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Southall and Brent Revisited (SABRE)

About the cohort

Start date: 1988
Age at recruitment: 40-69
Sample size at recruitment: 4,858
Estimated current sample size: 2,572

The Southall And Brent REvisited Study (SABRE) is the largest tri-ethnic population-based cohort in the UK, involving nearly 5000 European, Indian Asian and African Caribbean men and women. It investigates the causes of diabetes and disorders of the heart and circulation.

The participants were aged 40-69 when first studied between 1989 and 1991. In 2008 – 2011 a comprehensive combined morbidity and mortality follow up was carried out, together with non-invasive clinical measurements in order to quantify sub-clinical disease. SABRE visit 2 tested hypotheses generated from the Southall and Brent baseline studies and ongoing mortality follow-up.

SABRE Visit 3 (25 year follow-up visit) started in July 2014 and will collect data on participants and their partners. The aims of the study are to build on what has been learned from the first study. Changes in the health of the heart and circulation will be measured, with a special focus on the health of the blood vessels of the brain, as well as early signs of diabetes.   The study will also look at physical function and how well (or otherwise) people  are keeping as they get older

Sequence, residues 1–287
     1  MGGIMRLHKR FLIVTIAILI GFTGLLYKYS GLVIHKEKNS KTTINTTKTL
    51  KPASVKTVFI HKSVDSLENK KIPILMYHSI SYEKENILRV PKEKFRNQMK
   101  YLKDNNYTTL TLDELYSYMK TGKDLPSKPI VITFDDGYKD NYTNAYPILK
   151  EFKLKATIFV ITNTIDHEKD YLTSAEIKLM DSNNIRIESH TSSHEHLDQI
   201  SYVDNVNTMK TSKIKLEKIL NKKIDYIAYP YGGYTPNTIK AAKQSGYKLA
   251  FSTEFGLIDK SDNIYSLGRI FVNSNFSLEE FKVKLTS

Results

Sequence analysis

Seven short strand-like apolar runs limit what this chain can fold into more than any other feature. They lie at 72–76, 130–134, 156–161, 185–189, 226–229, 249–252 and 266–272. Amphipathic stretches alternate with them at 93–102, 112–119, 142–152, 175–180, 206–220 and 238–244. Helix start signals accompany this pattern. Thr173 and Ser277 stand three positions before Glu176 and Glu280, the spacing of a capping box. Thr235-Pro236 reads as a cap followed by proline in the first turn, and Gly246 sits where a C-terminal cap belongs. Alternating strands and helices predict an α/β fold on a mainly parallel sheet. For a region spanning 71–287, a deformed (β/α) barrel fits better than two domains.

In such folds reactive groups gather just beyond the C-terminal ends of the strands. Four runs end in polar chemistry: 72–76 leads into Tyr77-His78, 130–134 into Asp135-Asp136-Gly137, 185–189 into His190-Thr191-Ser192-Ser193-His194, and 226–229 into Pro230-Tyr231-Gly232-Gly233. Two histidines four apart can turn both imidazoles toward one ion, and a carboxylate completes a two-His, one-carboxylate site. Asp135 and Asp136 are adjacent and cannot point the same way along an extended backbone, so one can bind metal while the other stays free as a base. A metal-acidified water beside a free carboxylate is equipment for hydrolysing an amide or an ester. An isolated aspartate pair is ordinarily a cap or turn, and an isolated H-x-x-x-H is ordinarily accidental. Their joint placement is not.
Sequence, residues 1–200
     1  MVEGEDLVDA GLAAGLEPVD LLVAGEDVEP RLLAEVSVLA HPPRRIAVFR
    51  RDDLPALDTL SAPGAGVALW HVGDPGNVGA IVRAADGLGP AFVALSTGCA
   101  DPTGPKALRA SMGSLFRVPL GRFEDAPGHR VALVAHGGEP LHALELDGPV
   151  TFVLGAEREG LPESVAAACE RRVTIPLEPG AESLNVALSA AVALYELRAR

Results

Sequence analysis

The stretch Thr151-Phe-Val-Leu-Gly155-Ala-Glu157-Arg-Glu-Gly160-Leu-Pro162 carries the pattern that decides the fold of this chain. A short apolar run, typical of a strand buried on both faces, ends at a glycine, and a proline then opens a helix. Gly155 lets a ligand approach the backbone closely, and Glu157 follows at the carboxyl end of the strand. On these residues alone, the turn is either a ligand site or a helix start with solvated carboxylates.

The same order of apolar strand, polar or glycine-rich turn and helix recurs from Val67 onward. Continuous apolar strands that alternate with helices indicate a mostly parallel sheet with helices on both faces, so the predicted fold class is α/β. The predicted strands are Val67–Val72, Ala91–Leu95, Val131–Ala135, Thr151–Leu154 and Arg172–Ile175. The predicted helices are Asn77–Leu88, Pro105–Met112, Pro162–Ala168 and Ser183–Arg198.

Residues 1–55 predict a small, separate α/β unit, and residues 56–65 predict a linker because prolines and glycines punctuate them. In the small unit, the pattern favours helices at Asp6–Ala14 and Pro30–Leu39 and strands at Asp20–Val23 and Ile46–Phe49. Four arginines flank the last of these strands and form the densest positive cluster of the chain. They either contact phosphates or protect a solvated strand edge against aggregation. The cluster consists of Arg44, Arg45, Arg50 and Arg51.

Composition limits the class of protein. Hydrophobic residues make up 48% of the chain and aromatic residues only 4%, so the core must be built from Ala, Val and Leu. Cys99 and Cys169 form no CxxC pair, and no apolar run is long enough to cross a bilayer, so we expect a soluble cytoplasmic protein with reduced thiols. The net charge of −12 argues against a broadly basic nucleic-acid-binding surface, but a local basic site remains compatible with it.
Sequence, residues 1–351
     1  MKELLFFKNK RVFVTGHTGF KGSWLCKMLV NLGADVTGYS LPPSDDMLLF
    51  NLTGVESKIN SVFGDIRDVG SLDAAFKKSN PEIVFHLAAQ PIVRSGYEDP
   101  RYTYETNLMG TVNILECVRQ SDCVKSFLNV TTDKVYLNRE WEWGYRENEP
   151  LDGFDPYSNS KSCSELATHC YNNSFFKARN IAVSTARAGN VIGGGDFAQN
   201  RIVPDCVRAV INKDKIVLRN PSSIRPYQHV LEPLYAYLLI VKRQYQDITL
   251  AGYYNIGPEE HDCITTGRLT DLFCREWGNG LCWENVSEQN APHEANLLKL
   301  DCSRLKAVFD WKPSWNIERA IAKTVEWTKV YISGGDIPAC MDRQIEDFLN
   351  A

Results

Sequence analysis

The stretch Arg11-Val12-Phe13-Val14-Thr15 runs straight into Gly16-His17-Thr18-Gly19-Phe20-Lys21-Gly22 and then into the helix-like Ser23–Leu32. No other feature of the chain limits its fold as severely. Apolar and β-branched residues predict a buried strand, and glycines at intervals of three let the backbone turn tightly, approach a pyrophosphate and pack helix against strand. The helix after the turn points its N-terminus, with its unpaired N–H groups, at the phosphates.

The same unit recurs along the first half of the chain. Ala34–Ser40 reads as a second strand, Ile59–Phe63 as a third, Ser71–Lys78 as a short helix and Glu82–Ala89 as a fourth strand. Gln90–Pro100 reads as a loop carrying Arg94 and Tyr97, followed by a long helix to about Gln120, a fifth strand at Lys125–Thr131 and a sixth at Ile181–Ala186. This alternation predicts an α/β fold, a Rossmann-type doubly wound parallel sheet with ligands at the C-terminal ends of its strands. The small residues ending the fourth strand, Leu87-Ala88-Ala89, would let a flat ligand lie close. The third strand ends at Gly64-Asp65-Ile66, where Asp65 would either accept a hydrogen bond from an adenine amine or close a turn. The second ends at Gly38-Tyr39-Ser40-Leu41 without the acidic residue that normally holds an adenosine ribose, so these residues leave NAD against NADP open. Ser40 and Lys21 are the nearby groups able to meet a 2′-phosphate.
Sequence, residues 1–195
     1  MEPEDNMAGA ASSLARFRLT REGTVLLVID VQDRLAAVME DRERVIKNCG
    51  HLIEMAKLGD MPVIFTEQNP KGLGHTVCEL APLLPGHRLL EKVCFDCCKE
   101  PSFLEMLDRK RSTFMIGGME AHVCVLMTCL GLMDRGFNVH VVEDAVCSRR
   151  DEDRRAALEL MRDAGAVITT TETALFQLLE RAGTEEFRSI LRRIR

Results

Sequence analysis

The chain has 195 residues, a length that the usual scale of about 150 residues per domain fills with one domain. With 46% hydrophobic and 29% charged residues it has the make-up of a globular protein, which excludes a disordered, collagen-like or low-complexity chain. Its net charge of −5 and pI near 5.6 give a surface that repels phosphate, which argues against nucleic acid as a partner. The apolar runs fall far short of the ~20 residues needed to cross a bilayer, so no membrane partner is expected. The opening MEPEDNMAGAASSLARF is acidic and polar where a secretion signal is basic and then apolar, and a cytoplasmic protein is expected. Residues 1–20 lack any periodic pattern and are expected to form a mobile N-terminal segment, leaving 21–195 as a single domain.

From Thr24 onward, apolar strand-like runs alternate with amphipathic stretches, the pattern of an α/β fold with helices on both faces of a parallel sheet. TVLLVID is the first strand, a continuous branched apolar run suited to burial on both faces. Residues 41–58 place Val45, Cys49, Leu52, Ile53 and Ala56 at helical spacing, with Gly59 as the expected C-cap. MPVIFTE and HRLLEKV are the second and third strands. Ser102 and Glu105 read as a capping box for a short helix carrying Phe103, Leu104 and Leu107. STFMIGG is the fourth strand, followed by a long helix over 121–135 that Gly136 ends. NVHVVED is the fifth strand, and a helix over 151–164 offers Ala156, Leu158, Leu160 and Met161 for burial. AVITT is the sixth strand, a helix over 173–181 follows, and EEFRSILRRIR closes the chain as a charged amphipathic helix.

SABRE is part of the Dementias Platform UK (DPUK), a multi-million pound public-private partnership to accelerate progress in dementias research.  

Core funders

  • Wellcome Trust
  • British Heart Foundation 

Contact 

Website: http://www.sabrestudy.org

Principal Investigator: Professor Nish Chaturvedi

Address: 

Email: sabre@ucl.ac.uk

Tel: +44 20 7679 9471

Page last updated: 13 Mar 2015

Categories

  • Sample size: 0-4,999
  • Age: 40 to 59, 60 to 100
  • Anthropometric: Height, Weight, Waist circumference, Hip circumference, Blood pressure
  • Physical: Cardiovascular, Respiratory, Musculoskeletal, Hearing and vision, Reproductive
  • Psychological: Mental health, Cognitive function
  • Lifestyle: Smoking, Physical activity, Dietary habits, Alcohol
  • Socio-economic: Occupation, Family circumstances, Housing, Education, Ethnic group, Marital status, Social support
  • Biological samples: Blood, Urine, Saliva